More than 800 people were injured that night and rushed to numerous hospitals, none of which were equipped with the devices to scan the wristbands. Staff at the hospitals worked to identify patients by their tattoos, scars or any other distinguishing features, as well as photographs on social media, said Lake. However it was a struggle, especially for smaller hospitals, he explained.
The Health Insurance Portability and Accountability Act (HIPAA), a federal law intended to make sure the privacy of private medical data, can sometimes make an identification more arduous just because a hospital may not want to release info on unidentified patients to individuals inquiring about missing persons.
In 2021, a guy with Alzheimer’s disease was admitted to a different York hospital through the emergency department as an unidentified patient and assigned the name “Trauma XXX.”
Police and family members asked about him at the hospital several times but were told he wasn't there. Following a week – where countless friends, family members and police searched for the man – a doctor who worked in the hospital saw a news story about him on television and realized he was the unidentified patient.
Hospital officials later told the man's son that because he hadn't explicitly asked for “Trauma XXX,” they couldn't provide him information that may have helped him identify his father.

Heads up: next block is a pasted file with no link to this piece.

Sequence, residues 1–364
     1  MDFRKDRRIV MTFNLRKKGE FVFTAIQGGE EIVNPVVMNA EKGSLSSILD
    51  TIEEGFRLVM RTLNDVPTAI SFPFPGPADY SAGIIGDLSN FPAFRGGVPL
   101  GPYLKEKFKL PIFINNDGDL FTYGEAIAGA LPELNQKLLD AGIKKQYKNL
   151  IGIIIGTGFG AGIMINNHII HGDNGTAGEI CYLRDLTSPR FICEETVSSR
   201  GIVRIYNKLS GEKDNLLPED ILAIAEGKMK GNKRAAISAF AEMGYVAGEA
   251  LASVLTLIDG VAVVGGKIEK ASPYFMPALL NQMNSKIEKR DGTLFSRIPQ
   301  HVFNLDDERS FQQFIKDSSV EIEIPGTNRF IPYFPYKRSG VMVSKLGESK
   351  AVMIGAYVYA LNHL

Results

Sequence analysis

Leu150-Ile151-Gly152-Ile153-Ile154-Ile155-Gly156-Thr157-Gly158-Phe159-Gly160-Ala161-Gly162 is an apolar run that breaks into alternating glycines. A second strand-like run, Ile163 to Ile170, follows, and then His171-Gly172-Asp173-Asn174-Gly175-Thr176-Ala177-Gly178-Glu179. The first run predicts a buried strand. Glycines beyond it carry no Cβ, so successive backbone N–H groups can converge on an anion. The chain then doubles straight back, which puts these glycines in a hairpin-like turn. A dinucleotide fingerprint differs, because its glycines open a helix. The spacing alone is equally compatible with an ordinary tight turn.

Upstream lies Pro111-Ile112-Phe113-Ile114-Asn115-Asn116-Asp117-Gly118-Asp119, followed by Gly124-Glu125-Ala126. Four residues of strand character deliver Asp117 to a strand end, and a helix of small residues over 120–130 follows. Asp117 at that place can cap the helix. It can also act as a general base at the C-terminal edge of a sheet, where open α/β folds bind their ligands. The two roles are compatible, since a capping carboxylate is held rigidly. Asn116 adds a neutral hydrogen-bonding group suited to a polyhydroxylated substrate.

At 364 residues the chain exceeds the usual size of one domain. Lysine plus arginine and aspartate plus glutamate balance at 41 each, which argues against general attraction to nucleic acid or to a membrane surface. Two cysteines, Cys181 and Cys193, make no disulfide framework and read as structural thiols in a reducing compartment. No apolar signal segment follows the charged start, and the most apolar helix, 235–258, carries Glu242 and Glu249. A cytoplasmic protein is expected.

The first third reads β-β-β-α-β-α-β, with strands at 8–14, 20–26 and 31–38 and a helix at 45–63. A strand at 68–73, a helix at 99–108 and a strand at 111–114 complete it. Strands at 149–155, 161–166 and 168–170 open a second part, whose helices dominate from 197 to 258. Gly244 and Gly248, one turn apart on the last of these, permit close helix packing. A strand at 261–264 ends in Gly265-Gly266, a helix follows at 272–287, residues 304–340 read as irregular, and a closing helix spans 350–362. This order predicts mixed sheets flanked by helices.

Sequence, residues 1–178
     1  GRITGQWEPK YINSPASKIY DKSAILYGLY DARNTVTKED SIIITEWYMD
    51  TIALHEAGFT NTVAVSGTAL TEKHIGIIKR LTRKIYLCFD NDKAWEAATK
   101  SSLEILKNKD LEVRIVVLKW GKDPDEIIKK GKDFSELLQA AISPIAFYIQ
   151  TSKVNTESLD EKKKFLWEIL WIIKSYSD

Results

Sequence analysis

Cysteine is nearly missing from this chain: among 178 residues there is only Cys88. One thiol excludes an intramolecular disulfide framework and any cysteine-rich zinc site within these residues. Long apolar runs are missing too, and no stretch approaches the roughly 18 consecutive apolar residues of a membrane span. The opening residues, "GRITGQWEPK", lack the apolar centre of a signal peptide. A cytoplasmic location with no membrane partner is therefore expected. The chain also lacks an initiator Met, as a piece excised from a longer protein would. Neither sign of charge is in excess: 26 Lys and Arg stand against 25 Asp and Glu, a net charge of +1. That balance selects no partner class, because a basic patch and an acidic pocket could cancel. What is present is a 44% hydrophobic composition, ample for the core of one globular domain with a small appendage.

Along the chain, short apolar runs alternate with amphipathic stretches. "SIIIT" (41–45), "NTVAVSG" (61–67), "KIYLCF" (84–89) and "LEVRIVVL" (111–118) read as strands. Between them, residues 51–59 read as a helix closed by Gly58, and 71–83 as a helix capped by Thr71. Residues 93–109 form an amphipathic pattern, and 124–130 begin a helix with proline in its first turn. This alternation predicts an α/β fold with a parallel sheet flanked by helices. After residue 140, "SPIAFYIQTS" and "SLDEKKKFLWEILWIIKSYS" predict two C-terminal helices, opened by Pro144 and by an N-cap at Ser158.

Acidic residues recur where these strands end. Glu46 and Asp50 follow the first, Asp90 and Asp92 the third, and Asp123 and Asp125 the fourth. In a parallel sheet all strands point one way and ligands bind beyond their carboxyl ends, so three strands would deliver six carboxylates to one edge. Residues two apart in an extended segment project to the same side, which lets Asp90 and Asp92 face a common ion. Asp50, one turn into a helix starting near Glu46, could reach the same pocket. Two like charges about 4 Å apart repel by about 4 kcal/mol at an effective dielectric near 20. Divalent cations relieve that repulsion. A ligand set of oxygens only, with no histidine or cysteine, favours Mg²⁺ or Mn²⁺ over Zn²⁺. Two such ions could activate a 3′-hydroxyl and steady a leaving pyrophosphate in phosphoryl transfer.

Prompted with that mix-up, the brand new York State Missing Persons Clearinghouse drafted a set of guidelines for hospital administrators who receive information requests about missing persons from police or members of the family. The rules include about 24 steps for hospitals to follow along with, including notifying the leading desk, entering detailed physical descriptions into a database, taking DNA samples and monitoring emails and faxes about missing persons.
California guidelines stipulate that if a patient is unidentified and cognitively incapacitated, “the hospital may disclose just the minimum information you need that is directly relevant to locating a patient's next-of-kin, if doing so is incorporated in the best interest of the patient.”
At L.A. County+USC, most John Does are quickly identified: They either regain consciousness or, as in most cases, friends or relatives call asking about them, Crary said.
Still, a healthcare facility does not always succeed. From 2021 to 2021, 10 John and Jane Does remained unidentified during their stays at L.A. County+USC. Some died at the hospital; others went to nursing facilities with made-up names.
But Crary said she and her team pursue every avenue looking for a name.
Once, an unidentified and distinguished-looking older man with a neatly trimmed beard was rushed in to the er, delirious with what was later diagnosed as encephalitis and unable to speak.
Acting on a gut instinct the well-groomed man must have a loved one who had reported him missing, Crary checked with police stations in the area. She learned instead this John Doe was wanted in a number of states for sexual assault.
“He was done in with a mosquito,” Crary mused.
“It is a case that I won't ever forget,” she added. “The fact is that I am more elated if we are in a position to identify a patient and look for family for any beautiful reunification instead of finding a felon.”